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Leukocytes play a central role in vein graft neointimal hyperplasia, which is significantly augmented under low shear conditions. The current concept is that shear force regulates leukocyte adhesion predominately through up-regulation of chemokines and growth factors within the graft wall. Using rabbit and murine vein graft models, we demonstrate that CCR2/MCP-1 mediated monocyte recruitment and a low shear environment act synergistically to augment neointimal hyperplasia development and removal of either of the conditions leads to a significant reduction in neointimal thickening. We propose a novel concept that the shear stress response element phenotypically stems from the complex interplay of the biological and physical microenvironments.
Although vein bypass grafting remains a mainstay for clinical revascularization, accelerated neointimal hyperplasia development leading to poor performance or complete luminal occlusion occurs in up to 40% of grafts within one year of implantation. While a variety of biologic processes have been implicated in pathologic vein graft remodeling, invasion of inflammatory cells has increasingly been recognized as one of the dominant components in these events.[2, 3] CC chemokines, particularly monocyte chemoattractant protein (MCP)-1 binding to CC chemokine receptor 2 (CCR2), appears to be central to the process of monocyte recruitment and macrophage accumulation within developing lesions.
Beyond biologic factors, the local hemodynamic environment stands among the important regulators of neointimal hyperplasia development, where reductions in wall shear lead to substantial augmentation in the rate of neointimal growth. Grounded in the pioneering work of Gimbrone and his identification of positive and negative shear stress response elements, the effect of alterations in shear have been thought to induce local changes in chemokine and growth factor transcription within the wall, leading to differential growth of the neointima. In particular, leukocyte adhesion has been demonstrated to be highly shear responsive secondary to the regulation of shear stress responsive element (SSRE)-dependent, vascular adhesion molecules expressed on the endothelial surface.
The current study attempts to define the relative importance of leukocyte recruitment and wall shear in vein graft failure. Our initial hypothesis was that modification of MCP-1/CCR2-dependent leukocyte recruitment would be the dominant regulator of vein graft remodeling, with alterations in wall shear forces providing a secondary, modulatory effect on the final graft morphology. Interestingly, the results suggest that there appears to be substantial interplay between the physical and biologic systems for the complex process of neointimal hyperplasia. Specifically, while reductions in flow lead to enhanced leukocyte accumulation and advanced neointimal hyperplasia, this is not accomplished through an up-regulation of cell adhesion molecules or augmentation of MCP-1/CCR2 signaling. These data suggest that while increased chemokine expression may be important in the early recruitment of leukocytes into the vein graft wall, the differential accumulation of these cells is mediated by the local effect of physical forces. Further investigations using a murine CCR2 -/- vein graft model confirm an important interaction between biologic mediators and physical forces, where accelerated neointimal hyperplasia is observed only in the presence of intact leukocyte recruitment pathways combined with a favorable (low shear) hemodynamic environment for leukocyte binding and transmigration.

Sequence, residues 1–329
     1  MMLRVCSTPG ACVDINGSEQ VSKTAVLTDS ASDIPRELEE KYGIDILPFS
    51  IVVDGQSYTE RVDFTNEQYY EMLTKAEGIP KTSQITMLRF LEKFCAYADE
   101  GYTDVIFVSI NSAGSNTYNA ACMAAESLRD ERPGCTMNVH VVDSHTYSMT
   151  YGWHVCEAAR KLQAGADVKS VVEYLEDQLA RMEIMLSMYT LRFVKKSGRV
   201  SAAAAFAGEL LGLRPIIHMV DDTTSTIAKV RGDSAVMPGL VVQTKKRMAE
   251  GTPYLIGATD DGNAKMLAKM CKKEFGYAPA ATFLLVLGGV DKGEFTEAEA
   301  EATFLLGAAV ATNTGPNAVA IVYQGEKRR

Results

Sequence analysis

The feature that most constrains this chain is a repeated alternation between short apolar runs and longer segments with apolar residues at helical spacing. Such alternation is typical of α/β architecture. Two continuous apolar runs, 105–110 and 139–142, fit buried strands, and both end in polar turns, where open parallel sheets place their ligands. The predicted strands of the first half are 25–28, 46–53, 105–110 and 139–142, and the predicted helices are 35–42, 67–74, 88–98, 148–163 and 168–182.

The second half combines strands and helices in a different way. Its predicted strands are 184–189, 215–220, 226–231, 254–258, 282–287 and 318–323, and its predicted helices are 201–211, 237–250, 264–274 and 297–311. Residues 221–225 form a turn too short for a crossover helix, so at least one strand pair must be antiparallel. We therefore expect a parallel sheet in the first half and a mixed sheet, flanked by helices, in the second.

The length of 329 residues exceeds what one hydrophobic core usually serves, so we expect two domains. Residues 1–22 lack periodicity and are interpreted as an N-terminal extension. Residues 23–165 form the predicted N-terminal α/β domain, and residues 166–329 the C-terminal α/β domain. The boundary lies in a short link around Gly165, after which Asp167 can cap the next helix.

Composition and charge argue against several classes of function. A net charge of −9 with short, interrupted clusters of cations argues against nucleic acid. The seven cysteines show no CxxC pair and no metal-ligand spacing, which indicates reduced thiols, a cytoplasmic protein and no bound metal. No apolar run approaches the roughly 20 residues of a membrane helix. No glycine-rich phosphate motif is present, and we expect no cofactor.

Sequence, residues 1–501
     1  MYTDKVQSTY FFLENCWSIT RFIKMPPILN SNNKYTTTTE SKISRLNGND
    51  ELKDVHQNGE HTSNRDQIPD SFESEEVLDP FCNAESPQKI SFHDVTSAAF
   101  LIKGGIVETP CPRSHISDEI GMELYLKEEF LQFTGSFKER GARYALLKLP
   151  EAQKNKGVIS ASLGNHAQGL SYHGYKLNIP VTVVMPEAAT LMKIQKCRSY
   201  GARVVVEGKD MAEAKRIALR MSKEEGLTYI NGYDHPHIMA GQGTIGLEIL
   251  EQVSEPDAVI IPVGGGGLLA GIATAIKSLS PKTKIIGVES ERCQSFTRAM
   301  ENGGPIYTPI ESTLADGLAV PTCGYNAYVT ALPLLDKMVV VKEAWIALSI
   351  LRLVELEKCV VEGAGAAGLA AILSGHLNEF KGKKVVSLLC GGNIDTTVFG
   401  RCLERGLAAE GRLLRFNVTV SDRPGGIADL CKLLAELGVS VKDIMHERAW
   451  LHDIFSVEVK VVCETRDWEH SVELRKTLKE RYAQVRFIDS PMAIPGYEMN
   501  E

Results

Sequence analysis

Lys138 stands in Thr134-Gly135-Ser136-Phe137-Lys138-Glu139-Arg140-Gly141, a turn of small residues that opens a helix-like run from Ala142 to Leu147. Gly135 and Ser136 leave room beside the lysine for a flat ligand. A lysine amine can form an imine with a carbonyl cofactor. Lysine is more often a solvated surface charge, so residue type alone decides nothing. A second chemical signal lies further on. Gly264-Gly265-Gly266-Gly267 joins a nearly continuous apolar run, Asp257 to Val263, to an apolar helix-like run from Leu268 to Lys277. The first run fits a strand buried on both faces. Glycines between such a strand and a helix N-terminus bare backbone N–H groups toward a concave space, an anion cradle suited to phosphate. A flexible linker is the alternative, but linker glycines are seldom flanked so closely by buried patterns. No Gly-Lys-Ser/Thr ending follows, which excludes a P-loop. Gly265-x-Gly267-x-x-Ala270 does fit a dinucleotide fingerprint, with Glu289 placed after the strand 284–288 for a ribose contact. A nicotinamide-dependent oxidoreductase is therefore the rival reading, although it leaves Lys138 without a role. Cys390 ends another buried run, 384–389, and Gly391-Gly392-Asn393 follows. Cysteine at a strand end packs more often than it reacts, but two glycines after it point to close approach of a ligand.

This study conforms to the Guide for the Care and Use of Laboratory Animals (NIH Publication No. 85-23). Male New Zealand White rabbits underwent bilateral jugular vein interposition grafting followed by immediate unilateral distal carotid artery branch ligation to create two distinct flow environments within the same animal. Vein grafts harvested at 1, 7 or 28 days postoperatively were either snap frozen for biochemical analysis or perfusion fixed in situ (10% neutral buffered formalin) for immunohistochemical and morphometric evaluation.
Murine vein grafts were created via interposition of an inferior vena cava from a donor animal into the right common carotid artery of another animal. The right common carotid artery was divided and each free end everted over a cuff and secured with a 10-0 suture. An inferior vena cava harvested from a separate animal was sleeved over the cuffed arterial ends and secured with another 10-0 suture. Flow reduction was achieved through ligation of the external carotid artery. Vein grafts were collected at 7 or 28 days postoperatively for detection of macrophages biochemical evaluation or morphometric analysis.
The levels of MCP-1, CCR2, and E-selectin mRNA in rabbit and murine vein grafts were measured using quantitative polymerase chain reaction (RT-PCR) as detailed previously.